Albemarle County Virginia Genealogy, Wills, EstatesAlbemarle County was established 1744 from Goochland County. The county seat is Charlottesville. The county was named in honor of Willem Anne van Keppel, 2nd Earl of Albemarle and titular Governor of Virginia at the time. In 1761 the county was divided to form Buckingham and Amherst counties, at which time the county seat was moved from the formerly-central Scottsville to Charlottesville.
Albemarle County Wills, Estates, Marriages available to Members of Virginia Pioneers
Indexes to Probate Records
- Marriages 1780 to 1868
Images of Albemarle County Wills and Estates 1748 to 1752
- Wills 1748 to 1752
- Deeds 1748 to 1752Testators: Abney, Abner;Allen, William Hunt; Arrington, William;Baber, Robert;Ballon, William, inventory; Brock, George;Bruce, John;Burke, Charles, estate;Cannon, William, inventory;Christian, Robert;Dameron, Lazarus; Dameron, Richard;Duncan, Martin, inventory;Finley, Margaret; Franklin, Benjamin;Gains, Bernard, inventory;Gorden, John, estate;Hamilton, inventory;Hamilton, Henry, inventory; Hamner, Robert;Lifely, Mary; Lynch, Charles; Mahoney, James, inventory; Maxwell, Edward, inventory; Morrell, William; Osborne, Arthur, appraisement; Osborne, Arthur; Phelps, Thomas; Phelps, William; Reid, Andrew;Robertson, James;Rose, Robert; Shehornes, John Darby;Spurlock, William;Sublet, James; Tuley, John;Webb, Wentworth, inventory and Williamson, James, inventory.
Add to Flipboard Magazine.Code of the 17th Century Gentleman
By Jeannette Holland Austin
There were several wealthy and prominent business men in the colony, viz: Lawrence Evans, John Chew, Thomas Stegg, George Ludlow and Thomas Burbage. Since many of the factors representing planters proved themselves to be untrue, numerous suits arose in consequence of their defalcations. Boards of Arbitration were often appointed by the General Court and arbitrators were appointed in the case of Lawrence Evans in 1638. Business was transacted on a basis of credit, whether the residence was Virginia or England, but much of this debt was impossible to collect. The planter, after having nurtured and picked his crop, was always subject to such a danger.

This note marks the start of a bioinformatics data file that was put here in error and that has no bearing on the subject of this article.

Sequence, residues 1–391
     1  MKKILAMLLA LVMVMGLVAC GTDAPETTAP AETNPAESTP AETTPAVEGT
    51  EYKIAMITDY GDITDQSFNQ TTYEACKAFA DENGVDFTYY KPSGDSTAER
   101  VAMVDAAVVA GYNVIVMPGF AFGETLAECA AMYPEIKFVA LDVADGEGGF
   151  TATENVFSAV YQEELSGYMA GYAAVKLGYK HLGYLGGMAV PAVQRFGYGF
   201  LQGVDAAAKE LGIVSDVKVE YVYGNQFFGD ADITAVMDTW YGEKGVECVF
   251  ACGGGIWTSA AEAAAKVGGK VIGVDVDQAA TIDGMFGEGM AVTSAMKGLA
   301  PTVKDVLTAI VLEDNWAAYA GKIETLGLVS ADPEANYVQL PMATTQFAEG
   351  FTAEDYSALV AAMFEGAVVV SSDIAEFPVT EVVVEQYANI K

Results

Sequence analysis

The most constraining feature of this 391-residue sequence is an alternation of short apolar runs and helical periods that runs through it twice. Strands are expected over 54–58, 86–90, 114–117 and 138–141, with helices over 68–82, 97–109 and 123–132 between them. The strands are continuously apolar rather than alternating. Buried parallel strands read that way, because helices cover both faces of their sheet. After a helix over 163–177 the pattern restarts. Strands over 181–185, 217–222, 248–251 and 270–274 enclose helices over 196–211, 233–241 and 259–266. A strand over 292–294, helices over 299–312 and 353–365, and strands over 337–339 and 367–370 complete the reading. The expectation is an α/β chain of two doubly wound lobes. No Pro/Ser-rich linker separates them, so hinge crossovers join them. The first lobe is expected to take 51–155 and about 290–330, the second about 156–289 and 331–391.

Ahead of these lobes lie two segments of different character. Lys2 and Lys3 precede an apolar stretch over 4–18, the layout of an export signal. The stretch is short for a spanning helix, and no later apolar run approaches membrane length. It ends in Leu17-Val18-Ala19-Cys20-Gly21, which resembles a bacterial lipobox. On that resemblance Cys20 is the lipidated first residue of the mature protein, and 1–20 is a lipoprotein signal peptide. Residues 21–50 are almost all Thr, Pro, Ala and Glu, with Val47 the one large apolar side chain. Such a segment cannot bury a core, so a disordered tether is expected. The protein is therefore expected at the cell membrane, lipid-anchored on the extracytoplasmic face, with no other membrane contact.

In those days, a gentleman could be trusted and his word was his bond. Thus, it seems that those who had left England to find prosperity in the American colonies, maintained class distinctions for very sound reasons. In England, one identified himself by his dress and titles. This practice also became a tradition of the colonials. Those planters who shirked their debts found refuge from their creditors in Maryland.
Source: British State Papers, Colonial, vol. X, Nos. 15, I, II, III; Records of General Court, p. 61
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